- a dry insoluble substance, usually pulverized, which when suspended in a liquid vehicle becomes a paint, ink, etc.
- a coloring matter or substance.
- Biology. any substance whose presence in the tissues or cells of animals or plants colors them.
- to color; add pigment to.
- to become pigmented; acquire color; develop pigmentation: a poor quality of paper that doesn't pigment well.
Origin of pigment
Examples from the Web for pigment
The Daily Pic: Are the YBA's prints about the color of pigment, or the color of money?Hirst's Signature Marks the Spot
February 12, 2013
Had the image been painted on the cloth by a forger, the paint traces of the pigment would have remained on the surface.10 Reasons the Resurrection Really Happened
April 10, 2009
"I need to know something about the pigment patches," he said jerkily.
And there were the splotches of pigment of which Calhoun had heard.
Tan also is due to pigment in the skin and is caused by light.Common Science
Carleton W. Washburne
It is a matter of regret that this pigment is not equally efficacious in oil.
It has not been, however, employed as a pigment, or at least is not at present.
- a substance occurring in plant or animal tissue and producing a characteristic colour, such as chlorophyll in green plants and haemoglobin in red blood
- any substance used to impart colour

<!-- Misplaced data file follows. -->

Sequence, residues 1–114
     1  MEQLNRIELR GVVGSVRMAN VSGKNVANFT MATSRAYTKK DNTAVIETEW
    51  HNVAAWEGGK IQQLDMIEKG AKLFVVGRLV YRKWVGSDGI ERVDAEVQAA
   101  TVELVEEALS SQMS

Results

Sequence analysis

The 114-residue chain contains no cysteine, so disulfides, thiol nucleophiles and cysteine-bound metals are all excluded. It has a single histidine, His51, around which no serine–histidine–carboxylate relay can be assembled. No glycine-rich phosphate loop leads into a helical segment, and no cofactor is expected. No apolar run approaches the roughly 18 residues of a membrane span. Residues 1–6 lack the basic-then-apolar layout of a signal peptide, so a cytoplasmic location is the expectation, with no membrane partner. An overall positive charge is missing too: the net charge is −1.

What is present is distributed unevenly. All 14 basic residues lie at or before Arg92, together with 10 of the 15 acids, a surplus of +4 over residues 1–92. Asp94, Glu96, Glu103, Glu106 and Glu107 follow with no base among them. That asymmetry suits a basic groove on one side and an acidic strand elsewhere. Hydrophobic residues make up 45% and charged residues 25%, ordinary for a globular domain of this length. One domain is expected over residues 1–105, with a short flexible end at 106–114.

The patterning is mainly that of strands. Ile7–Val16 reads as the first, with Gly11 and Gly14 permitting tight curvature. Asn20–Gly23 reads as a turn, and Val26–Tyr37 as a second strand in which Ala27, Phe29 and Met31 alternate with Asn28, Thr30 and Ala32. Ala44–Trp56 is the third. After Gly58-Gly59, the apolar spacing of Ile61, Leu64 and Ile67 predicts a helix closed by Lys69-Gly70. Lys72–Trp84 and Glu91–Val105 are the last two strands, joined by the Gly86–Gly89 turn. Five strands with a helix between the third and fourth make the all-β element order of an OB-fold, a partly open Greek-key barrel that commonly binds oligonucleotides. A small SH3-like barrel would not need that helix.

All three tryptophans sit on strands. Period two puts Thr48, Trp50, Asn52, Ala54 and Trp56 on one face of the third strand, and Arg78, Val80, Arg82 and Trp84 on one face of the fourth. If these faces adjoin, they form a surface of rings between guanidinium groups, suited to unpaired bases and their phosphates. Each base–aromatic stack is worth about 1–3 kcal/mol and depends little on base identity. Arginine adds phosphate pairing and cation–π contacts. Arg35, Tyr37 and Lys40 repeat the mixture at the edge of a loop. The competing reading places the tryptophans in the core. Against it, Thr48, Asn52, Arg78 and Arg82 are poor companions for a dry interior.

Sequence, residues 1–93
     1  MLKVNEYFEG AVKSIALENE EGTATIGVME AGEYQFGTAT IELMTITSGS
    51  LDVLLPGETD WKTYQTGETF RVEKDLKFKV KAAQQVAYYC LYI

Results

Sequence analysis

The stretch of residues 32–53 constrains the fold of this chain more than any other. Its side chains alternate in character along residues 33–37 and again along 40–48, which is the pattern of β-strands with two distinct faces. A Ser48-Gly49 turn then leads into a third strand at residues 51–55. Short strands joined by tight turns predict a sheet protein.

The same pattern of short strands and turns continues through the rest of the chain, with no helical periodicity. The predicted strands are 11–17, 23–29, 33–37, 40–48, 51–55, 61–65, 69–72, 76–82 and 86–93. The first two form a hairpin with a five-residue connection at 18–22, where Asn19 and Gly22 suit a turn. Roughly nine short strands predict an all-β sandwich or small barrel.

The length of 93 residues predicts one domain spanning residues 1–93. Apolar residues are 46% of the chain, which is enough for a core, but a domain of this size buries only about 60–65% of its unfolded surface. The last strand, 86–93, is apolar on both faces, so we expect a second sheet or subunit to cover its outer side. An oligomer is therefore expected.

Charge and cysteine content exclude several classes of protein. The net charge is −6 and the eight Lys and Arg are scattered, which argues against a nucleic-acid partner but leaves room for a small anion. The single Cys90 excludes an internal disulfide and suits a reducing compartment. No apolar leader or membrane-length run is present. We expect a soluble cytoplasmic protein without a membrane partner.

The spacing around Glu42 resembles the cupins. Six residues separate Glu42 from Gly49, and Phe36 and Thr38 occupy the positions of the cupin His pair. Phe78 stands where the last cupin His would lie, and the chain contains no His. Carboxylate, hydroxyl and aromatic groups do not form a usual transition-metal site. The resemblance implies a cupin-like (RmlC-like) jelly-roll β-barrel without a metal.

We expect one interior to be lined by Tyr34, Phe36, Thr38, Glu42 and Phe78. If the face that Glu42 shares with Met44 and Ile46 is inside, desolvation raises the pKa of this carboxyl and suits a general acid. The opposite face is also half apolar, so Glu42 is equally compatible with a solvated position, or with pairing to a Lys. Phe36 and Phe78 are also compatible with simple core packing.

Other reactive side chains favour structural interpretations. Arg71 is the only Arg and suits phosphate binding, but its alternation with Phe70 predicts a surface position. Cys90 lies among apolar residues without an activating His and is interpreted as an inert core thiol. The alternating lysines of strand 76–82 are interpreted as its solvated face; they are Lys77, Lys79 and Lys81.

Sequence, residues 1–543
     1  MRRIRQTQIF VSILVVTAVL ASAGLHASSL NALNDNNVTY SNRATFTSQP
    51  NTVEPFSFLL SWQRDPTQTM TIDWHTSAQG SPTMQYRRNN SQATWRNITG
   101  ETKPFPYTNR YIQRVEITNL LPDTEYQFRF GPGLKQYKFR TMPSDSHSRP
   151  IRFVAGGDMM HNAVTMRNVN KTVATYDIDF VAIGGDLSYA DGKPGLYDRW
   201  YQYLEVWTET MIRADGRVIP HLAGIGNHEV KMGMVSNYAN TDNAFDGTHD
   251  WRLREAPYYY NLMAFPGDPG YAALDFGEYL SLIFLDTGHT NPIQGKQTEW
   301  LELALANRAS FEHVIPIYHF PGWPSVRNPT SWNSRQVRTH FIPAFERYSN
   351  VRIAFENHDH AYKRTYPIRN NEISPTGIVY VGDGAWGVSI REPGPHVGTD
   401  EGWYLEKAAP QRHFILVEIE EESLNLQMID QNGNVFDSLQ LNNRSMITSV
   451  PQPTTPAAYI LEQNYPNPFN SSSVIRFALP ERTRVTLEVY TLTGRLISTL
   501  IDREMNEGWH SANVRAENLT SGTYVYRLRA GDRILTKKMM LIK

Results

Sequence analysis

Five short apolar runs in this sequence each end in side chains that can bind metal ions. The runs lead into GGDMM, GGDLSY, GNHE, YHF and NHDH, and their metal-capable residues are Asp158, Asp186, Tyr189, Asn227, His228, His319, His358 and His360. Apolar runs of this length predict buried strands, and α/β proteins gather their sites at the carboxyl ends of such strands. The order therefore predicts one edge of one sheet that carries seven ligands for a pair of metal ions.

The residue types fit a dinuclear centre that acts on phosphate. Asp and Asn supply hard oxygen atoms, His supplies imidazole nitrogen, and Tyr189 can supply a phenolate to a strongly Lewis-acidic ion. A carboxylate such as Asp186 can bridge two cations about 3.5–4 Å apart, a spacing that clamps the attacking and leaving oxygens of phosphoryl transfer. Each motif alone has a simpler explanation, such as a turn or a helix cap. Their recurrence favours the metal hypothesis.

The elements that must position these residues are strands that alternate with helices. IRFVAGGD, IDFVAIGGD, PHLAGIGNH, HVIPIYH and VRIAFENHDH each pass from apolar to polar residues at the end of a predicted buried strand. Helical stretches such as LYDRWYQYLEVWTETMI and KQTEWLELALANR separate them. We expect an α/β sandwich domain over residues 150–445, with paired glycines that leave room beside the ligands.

- a powder that is mixed with a liquid to give a paint, ink, etc
Word Origin and History for pigment
late 14c., from Latin pigmentum "coloring matter, pigment, paint," figuratively "prnament," from stem of pingere "to color, paint" (see paint (v.)). Variants of this word could have been known in Old English (e.g. 12c. pyhmentum). As a verb from 1900. Related: Pigmented; pigmenting.
- A substance used as coloring.
- Dry coloring matter, usually an insoluble powder to be mixed with water, oil, or another base to produce paint and similar products.
- A substance that produces a characteristic color in tissue.
- A medicinal preparation applied to the skin like paint.
- To color with pigment.
- An organic compound that gives a characteristic color to plant or animal tissues and is involved in vital processes. Chlorophyll, which gives a green color to plants, and hemoglobin, which gives blood its red color, are examples of pigments.
- A substance or material used as coloring.